Lutetium-177 therapy brings the expected success in prostate cancer patients.
Developments in the world of nuclear medicine have brought hope to many patients. Lutetium-177 therapy applied to patients with prostate cancer gave positive results.
The therapy was administered at the Federal Research and Clinical Center of Radiology and Oncology (FRCCRO) of the Russian Federal Medical and Biological Agency. A substance containing lutetium‑177 for the treatment of neuroendocrine tumors and prostate cancer was developed using technology from the Research Institute of Atomic Reactors (RIAR, part of Rosatom’s research division). The radiopharmaceutical passed all the stages of quality control.
“As a manufacturer of the original substance, we are able to meet all the needs of Russian medical institutions and timely fulfill all the orders we might receive,” says Oleg Andreev, one of the drug developers and Head of Radionuclide Sources and Substances at RIAR. In Russia, the radiopharmaceutical is supplied to four medical centers.
According to Pyotr Sychev, Head of the Nuclear Medicine Center and a radiologist at FRCCRO, the treatment was effective and none of the patients had adverse reactions.
The treatment procedure is as follows: doctors first make sure that the patient experiences no side effects and then inject the drug intravenously. The drug is administered once every two months. “Our patients have completed the first course of treatment, and all of them showed a decrease in the blood level of prostate specific antigen protein. They feel well,” Peter Sychev said.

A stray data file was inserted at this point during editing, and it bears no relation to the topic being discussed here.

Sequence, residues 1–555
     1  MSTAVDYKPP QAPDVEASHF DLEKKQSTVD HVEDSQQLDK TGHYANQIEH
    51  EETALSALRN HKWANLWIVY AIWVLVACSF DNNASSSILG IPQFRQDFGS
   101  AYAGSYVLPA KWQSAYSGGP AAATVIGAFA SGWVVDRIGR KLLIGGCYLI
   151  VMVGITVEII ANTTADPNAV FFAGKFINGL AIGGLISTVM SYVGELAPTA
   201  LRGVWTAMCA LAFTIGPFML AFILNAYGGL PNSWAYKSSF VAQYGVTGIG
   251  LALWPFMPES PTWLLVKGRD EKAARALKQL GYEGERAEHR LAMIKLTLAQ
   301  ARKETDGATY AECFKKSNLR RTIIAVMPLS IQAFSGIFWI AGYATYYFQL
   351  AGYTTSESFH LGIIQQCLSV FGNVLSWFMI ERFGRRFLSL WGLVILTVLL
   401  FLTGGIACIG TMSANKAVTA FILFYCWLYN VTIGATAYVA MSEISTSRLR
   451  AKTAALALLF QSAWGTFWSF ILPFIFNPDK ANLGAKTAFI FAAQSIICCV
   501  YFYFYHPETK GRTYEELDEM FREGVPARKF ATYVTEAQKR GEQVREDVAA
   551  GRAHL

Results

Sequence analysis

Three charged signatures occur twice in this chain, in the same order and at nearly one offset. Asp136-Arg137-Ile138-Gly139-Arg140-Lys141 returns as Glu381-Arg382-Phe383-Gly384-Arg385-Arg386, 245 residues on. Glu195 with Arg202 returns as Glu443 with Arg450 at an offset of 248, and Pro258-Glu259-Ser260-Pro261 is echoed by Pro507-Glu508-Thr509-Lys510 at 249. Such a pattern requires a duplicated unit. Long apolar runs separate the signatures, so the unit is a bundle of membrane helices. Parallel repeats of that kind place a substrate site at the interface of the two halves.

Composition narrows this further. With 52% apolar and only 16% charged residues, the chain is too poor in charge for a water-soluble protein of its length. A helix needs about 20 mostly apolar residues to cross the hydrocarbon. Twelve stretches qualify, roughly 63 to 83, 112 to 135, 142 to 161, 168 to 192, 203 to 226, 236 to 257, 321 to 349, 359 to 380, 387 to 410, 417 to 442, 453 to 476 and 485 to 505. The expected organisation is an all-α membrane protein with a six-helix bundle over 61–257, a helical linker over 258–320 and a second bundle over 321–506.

As noted by Maxim Kushnarev, CEO of V/O Izotop (Rosatom’s subsidiary supplying isotope products), in an interview with Vestnik Atomproma magazine, lutetium‑177 medical isotope has been supplied to Brazil since 2021.
This September, the Leningrad Nuclear Power Plant obtained a license to produce lutetium‑177, having added a new isotope to its product range consisting of iodine‑131, molybdenum‑99 and cobalt‑60.
It is also produced at the Leningrad NPP
In mid-November, the Leningrad NPP met its annual target for the production of cobalt‑60, which is used in gamma radiation sources for commercial irradiation plants.
This September, the Leningrad Nuclear Power Plant obtained a license to produce lutetium‑177, having added a new isotope to its product range consisting of iodine‑131, molybdenum‑99 and cobalt‑60. Lutetium-177 (Lu-177) is referred to as one of the most promising medical radionuclides used in the production of innovative radiopharmaceuticals. According to leading scientists in the field of advanced medicines, thanks to lutetium-177-based drugs, high successes are achieved in the targeted treatment of some oncological diseases, including metastatic forms of castration-resistant prostate cancer, neuroendocrine tumors, lung cancer, etc.
Technologies development for the production of 177Lu-trichloride and actinium-225 is concentrated within the institutes of ROSATOM scientific division (Science and Innovations JSC). Today, dozens of lutetium-177 and actinium-225-based radiopharmaceuticals are at various stages of clinical trials in the world. According to the world scientific community, innovative radiopharmaceuticals will make a significant contribution to the fight against widespread oncological diseases.